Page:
• A Kingdom is not a Home

    Posted on November 1, 2012 by Contributor in Contributions, Nursing.

    I sat in front of my computer on a Thursday morning, which for me, is the start of a two-day breather from all that is happening in the outside world. My balcony has always been a comfortable place for me to hang out whenever I get the chance to just chill. And whenever I look outside, I’ve always wondered how I managed to survive in such an unfamiliar setting. It’s been about 3 years now since I came in the Kingdom. Fear, as expected, was the first of the many feelings I’ve had the first time I stepped down the plane. Fortunately, I’ve kept an open mind of embracing the changes I’ll be dealing with as I live indepedently in a place totally different from home – the warm, loving place I’ve been so used to live in.

    The first obvious indicator that you are in Saudi is the way people look like. They are very conservative in the way they dress and deal with other people in accordance to their religion, Islam, and we are called to adjust as well to blend in as a sign of respect to their culture. It’s such a great adjustment exchanging our comforting clothes with their restricting covers and abayas – again, all in accordance to their culture. The sun is always friendly here and the raging heat in the desert on an afternoon joyride is a proof of it. You can see the heat escaping as vapor on the road which will make you want to stay in your car or anywhere indoor that has airconditioning. It gets as high as 40 degrees Celsius during summer and surprisingly as low as 10 during winter. Yes, it gets cold in Saudi, and a lot colder in some places than expected. The kingdom isn’t totally surrounded by the serene vast view of the desert. It might majorly be surrounded by it but there are lovely spots where you can enjoy the view of the untouched Red sea as well, which nowadays is a blooming tourist spot. You can also enjoy fishing and even diving in some few resort areas in the main city. The sea makes it possible that once in a blue moon the kingdom is blessed with some rain usually in the later part of the year. For some, it is a form of blessing from Allah, but for me, the smell and feel of rain is just a reminder of home.

    It’s a beauty to see familiar faces around. Inspite of how many multinational people are living here, the great number of overseas Filipino workers will somehow make you feel that you are not alone. It is easy to spot a pool of cheerfully chatting Filipinos especially in the major cities of the Kingdom. The work might be stressful because of dealing with different nationalities, including the language barrier, but having a Filipino as a helping hand makes it a lot easier. It may sound absurd but English is a lesser choice in communicating with other nationalities even if most of them came from the neighboring countries. So we are to learn speaking the Arabic language in order to be effective socially and in terms of work. One of the definitive reasons why a lot of Filipinos are attracted to come here is because the kingdom is totally tax free! So if you are into gadgets and electronics, it’s an open season without minding how much extra tax you are paying. Food in Saudi Arabia is multinational as well. Most of it is Arabic inspired which I may say for non-picky people is not bad and eventually will grow on you. If you don’t prefer it there are still a lot of other choices or better yet you can always stick to what you’re used to or just learn to improvise.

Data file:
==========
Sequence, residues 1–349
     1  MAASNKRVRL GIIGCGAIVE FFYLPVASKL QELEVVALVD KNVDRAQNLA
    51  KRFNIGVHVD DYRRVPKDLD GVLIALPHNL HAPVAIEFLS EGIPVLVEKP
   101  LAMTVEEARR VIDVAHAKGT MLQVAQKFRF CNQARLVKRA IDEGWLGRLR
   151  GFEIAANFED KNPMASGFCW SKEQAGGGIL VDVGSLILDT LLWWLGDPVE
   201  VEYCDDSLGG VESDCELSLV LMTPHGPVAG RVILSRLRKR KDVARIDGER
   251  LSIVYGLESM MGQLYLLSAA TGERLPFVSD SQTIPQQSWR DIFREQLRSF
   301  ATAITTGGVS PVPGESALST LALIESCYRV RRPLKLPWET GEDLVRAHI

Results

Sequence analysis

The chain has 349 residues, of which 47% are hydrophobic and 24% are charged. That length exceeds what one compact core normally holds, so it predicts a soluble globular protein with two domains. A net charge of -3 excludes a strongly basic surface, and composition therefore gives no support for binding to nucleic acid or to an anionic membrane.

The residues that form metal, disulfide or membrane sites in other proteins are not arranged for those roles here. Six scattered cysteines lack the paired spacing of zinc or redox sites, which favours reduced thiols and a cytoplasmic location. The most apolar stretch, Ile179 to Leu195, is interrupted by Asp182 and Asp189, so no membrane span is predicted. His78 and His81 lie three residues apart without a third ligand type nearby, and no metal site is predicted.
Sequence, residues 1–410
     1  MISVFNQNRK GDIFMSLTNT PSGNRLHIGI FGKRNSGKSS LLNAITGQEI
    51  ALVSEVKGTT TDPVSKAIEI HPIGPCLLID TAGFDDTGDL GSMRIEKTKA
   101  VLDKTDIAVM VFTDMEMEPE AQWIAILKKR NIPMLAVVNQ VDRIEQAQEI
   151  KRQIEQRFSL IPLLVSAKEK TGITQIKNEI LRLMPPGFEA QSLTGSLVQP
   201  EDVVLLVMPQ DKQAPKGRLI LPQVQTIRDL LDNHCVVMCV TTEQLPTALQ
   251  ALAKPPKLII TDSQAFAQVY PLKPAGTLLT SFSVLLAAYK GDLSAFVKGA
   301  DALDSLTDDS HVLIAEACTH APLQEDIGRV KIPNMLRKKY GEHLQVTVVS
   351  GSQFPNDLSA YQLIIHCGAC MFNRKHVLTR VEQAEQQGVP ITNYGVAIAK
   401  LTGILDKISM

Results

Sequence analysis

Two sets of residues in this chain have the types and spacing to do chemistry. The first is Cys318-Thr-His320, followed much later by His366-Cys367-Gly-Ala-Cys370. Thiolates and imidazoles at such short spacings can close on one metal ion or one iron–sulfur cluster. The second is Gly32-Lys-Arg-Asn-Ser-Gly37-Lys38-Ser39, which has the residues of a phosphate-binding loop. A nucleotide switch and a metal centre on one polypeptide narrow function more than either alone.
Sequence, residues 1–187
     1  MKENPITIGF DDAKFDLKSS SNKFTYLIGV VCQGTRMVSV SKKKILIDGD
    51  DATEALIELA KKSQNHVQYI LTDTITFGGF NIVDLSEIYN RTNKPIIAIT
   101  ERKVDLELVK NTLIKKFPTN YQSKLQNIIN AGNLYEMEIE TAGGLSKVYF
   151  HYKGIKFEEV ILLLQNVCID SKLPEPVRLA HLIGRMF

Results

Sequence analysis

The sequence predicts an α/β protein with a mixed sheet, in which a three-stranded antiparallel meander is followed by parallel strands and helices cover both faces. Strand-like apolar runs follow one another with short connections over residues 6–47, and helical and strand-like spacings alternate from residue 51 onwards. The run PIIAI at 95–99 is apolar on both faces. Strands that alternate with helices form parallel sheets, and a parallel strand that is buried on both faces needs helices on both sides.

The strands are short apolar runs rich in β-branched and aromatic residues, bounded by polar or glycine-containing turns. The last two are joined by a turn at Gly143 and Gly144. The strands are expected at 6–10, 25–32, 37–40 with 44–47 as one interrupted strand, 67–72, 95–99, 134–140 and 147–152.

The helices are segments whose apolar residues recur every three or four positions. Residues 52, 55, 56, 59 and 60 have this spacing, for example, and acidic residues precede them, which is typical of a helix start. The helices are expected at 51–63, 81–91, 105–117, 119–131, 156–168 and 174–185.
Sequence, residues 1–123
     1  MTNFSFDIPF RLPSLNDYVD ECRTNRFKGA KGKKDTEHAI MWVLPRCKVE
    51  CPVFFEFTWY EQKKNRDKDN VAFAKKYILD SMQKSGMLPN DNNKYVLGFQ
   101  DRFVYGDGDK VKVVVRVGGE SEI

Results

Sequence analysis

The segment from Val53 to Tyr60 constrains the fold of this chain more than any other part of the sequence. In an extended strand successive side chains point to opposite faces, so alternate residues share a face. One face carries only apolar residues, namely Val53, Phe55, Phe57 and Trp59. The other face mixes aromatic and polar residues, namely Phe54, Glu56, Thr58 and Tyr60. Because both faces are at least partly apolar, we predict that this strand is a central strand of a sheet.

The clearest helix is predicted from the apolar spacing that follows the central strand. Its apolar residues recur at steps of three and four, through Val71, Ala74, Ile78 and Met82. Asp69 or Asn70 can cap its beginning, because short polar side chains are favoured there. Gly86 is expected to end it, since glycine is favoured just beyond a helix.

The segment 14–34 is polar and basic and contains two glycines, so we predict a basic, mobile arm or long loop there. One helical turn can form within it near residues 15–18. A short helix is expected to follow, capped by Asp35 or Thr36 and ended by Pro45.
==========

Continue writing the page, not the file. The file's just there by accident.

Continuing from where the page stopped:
One of the downfall I felt while living here in Saudi Arabia is how women tend to be incapacitated. Sure they give high regards and respect to women here but most of the native women are limited in the houses or cannot indepedently do any task without their men’s permission or help. It is how they are raised and it has been and always will be like that. The kingdom might continously be a developing country but they are focused in keeping the strict culture intact keeping a monarchial government as an example. I believe the country is not yet ready to totally embrace the modernization of other Arab countries making it still the center of the conservative Islamic religion.

    Saudi will always be a strange country to me because it is totally different from the comfort of my own. Once you decide to go abroad and live independently, it will always be your choice on how you’re life will be. With courage, determination and open mindedness, I’m determined that all the struggles and adjustment will eventually be worth it.

     

    The Contributor

    Floricel Will Berganio, a.k.a. “Fries” is a bubbly person I met in highschool. But we weren’t acquainted much with each other back then since I was a year/level higher than her. We only started getting close in college since we were both in the Nursing department, and even closer after graduating. Despite being thousand miles apart since she started practicing her profession in Saudi Arabia, we remained good friends, consistently updating each other through Facebook and Viber.

    Fries? شكراً جزيل إبتسمي دائماً (Shukran jazeelan ya aziza!  Ebtasimy da’eman!) ^_^


     

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9 Responsesso far.

  1. hL says:

    impressive fries!!!

  2. Radiance Ionna Morales says:

    galing naman ng sumulat

  3. Sheila Abaricia says:

    Amazing!

  4. zyra says:

    love it!!!

  5. FRiES says:

    thanks!:)

  6. rawanlhala says:

    Panalo

  7. P-May says:

    Everyone is welcome to contribute and inspire others through their experiences. Feel free to message me! ^_^

  8. karessa says:

    kudos to you fries!!<3<3<3

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